Even after your New Jersey divorce, dealing with child custody and parenting time issues can be stressful and emotionally overwhelming. When combined with the stress that comes during the holiday season, the result can be emotionally taxing on both you and your children. The best way to avoid this, or at least lessen the stress of it, is for you and your ex-spouse to establish a detailed holiday parenting time schedule that suits your family, eliminates any ambiguity, and enables you and your children to enjoy the holidays.
When your child custody issues initially arise during your New Jersey divorce, you will have the opportunity to negotiate an agreement with your ex-spouse memorializing the parenting time schedule. At this juncture, you should consider the holidays. There are many different arrangements that you can come up with, and the best arrangement is often different for each family. In some families, the parents will alternate the holidays every year. Therefore, if the father had the children for Christmas in 2013, the mother will have the children for Christmas in 2014. In some families, one parent cares more about one holiday than the other. Therefore, if Thanksgiving is really important to the father, and Christmas is really important to the mother, then the parents can agree that every year the children will spend Thanksgiving with their father and Christmas with their mother. In other families, where the mother and father live near each other, the children will spend part of each holiday with each parent.
Only you and your spouse (or ex-spouse) know the best arrangement for your family, and, if you can look past your differences and focus on your children, you should be able to cooperate to create a very workable holiday parenting time schedule. In addition, parents should not lose sight of the fact that a divorce allows them to create new traditions with their children. For example, perhaps the father may choose to create a new tradition wherein he celebrates Christmas Eve with his children each year. Plenty of parents that have been through a New Jersey divorce will celebrate the holidays with their children when they have them, even if that means celebrating on a different day than the traditional one.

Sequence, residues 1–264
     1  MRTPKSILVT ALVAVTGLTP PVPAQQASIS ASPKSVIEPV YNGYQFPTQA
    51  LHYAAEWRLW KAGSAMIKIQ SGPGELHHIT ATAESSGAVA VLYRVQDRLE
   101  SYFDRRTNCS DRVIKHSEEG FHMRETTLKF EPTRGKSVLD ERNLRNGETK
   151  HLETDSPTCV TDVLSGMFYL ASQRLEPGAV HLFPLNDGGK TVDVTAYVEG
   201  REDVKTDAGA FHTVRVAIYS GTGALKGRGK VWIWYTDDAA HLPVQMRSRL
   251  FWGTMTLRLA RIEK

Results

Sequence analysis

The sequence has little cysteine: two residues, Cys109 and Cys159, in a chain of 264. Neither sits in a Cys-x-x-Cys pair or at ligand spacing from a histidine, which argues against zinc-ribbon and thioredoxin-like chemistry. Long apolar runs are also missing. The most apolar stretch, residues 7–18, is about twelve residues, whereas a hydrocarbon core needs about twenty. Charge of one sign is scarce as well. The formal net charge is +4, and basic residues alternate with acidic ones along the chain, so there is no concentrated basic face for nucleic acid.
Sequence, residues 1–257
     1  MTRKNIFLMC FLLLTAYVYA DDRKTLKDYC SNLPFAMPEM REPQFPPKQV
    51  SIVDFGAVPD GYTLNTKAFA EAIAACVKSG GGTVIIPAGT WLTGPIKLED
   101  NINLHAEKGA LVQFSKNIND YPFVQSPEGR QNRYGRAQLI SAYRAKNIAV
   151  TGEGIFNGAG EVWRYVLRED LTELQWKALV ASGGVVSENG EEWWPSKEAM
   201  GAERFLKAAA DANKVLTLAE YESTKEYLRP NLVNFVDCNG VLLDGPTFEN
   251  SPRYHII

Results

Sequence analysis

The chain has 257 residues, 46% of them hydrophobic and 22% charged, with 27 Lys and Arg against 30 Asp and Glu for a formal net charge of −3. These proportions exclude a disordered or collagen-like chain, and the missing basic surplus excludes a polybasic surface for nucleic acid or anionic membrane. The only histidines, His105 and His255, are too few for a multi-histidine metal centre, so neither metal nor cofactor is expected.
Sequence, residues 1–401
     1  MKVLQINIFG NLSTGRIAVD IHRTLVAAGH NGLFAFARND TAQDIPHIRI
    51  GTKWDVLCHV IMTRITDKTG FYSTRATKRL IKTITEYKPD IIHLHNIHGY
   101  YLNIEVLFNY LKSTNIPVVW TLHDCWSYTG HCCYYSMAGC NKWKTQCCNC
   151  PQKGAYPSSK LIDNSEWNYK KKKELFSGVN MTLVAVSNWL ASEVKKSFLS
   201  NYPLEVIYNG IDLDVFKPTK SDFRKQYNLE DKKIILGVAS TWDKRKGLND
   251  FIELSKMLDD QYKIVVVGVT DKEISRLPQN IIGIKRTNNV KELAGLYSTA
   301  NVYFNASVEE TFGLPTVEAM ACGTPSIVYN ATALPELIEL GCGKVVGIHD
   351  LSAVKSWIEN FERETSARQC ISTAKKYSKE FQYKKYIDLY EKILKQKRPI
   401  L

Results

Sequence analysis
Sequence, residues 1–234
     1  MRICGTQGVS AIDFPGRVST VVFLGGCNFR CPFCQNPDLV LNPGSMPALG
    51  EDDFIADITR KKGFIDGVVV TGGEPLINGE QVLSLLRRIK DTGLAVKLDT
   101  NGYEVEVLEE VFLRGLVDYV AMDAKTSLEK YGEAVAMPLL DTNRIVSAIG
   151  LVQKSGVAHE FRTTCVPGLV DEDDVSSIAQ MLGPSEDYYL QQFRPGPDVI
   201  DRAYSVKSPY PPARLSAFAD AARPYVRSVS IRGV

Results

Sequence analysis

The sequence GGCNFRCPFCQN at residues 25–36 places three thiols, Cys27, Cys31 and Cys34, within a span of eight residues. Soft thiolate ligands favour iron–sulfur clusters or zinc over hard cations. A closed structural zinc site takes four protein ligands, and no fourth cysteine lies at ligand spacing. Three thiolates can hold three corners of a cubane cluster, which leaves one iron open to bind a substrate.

Generally, absent certain circumstances, if you and your spouse (or ex-spouse) agree to a parenting schedule, a court will use that as the custody and parenting time order. However, under Rule 5:8-5, if you and your spouse (or ex-spouse) are unable to come to an agreement, then the court will make its determination based on the best interests of the child. New Jersey does have a “standard” holiday parenting time schedule that will be ordered if the parties cannot agree to a schedule themselves, which essentially alternates each holiday between the parents, and which parent gets which holiday depends on whether it is an odd or even year.
Your New Jersey divorce lawyer will be able to work with you and help you establish a detailed holiday parenting time schedule that is best for you and your family. If you have questions or concerns about you holiday parenting time schedule, please contact the attorneys at Sarno da Costa D’Aniello Maceri LLC at 973-274-5200. Happy holidays!